by Robert Hawkes

 

Thoughts about ending ones own life are among the most fleeting forms of human thought. It happens to many of us, whether we are mentally healthy or mentally ill and some would say that it happens to all of us, sometime in our lives, whether we care to admit it or not. It is one of the most shameful thoughts anyone can have.

Under stressful conditions these common, fleeting thoughts can become more frequent and lasting. The suicidal thoughts take on a haunting feeling, an almost spooky character. They can come to us simply as an overall feeling of destructiveness with no real target, just a tangle of thoughts about the breakdown of everything. It is frightening to us causing us to wonder, how did I get to this state? As mentioned above the shame associated with this can be of little help in getting rid of or managing these thoughts and can actually strengthen the suicidal thinking. This can happen with the more chronic mental illnesses, with repeated trauma or in times of war. It can turn an everyday experience, like driving a car into a real gamble.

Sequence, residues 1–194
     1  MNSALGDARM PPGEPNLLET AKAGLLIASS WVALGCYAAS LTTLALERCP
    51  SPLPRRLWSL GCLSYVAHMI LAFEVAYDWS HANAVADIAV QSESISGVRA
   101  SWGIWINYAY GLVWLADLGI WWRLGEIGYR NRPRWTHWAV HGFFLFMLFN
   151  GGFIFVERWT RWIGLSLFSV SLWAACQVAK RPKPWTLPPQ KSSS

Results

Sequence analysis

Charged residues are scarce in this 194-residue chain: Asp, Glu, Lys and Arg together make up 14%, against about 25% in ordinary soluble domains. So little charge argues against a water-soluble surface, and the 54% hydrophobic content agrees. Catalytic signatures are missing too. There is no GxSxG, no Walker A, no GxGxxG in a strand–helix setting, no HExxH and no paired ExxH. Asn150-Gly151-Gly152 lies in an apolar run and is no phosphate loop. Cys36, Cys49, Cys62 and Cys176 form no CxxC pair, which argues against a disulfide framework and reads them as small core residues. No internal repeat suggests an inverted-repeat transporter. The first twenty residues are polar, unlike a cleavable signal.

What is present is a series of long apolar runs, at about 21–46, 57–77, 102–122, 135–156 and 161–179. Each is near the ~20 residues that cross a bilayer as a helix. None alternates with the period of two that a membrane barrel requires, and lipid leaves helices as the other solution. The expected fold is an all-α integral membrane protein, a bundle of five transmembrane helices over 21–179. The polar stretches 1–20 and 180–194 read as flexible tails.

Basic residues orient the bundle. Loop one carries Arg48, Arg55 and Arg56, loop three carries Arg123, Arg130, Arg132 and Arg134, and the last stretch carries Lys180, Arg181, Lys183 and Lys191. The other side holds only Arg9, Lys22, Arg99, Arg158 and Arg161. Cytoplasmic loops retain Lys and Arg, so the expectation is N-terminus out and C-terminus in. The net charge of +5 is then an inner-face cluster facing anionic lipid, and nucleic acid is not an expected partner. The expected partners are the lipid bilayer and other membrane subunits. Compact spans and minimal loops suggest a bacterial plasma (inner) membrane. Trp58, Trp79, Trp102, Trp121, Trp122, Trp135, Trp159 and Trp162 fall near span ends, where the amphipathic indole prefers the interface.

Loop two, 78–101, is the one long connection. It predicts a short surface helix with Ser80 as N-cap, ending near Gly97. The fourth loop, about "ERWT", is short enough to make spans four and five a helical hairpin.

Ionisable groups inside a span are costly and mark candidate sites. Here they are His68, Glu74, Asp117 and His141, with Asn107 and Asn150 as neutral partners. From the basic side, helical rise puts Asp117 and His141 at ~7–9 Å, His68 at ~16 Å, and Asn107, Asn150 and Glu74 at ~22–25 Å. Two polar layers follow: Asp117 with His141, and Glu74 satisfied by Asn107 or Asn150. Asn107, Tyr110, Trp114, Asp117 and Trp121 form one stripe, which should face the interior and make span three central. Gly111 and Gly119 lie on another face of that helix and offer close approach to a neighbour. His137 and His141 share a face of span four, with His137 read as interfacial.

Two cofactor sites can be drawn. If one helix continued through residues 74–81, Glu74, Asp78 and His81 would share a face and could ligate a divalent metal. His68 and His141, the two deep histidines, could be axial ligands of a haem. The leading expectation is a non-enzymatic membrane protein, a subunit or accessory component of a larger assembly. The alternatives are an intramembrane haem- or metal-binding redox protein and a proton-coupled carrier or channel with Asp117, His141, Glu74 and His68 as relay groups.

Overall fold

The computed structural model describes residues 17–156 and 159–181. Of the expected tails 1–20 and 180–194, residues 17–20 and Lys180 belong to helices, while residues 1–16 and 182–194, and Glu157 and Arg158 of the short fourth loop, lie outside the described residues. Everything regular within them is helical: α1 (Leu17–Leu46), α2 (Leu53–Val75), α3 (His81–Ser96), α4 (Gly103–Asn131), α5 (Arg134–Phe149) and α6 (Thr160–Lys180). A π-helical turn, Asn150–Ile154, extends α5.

One of the things we know about suicidal thinking is that it gains strength when we are alone with it. Again, the shame of it keeps us alone with it and keeps us from talking about it. But when we talk about it with a family member, friend, doctor or counselor it loses much of its strength. One of the best things we can do is reach out and talk to someone about these thoughts. This may not make the thoughts go away but it can help us manage the thoughts better and increase our willingness and ability to talk-it-through when we are stressed out. Again, since the shame and social taboo of suicidal thinking is so strong one of the easiest things to do is pick up a phone and speak anonymously to someone at a crisis line. The Veterans Crisis Line is devoted to helping Veterans in crisis and their families. Please give us a call anytime at 1-800-273-8255 and press 1 or visit us online.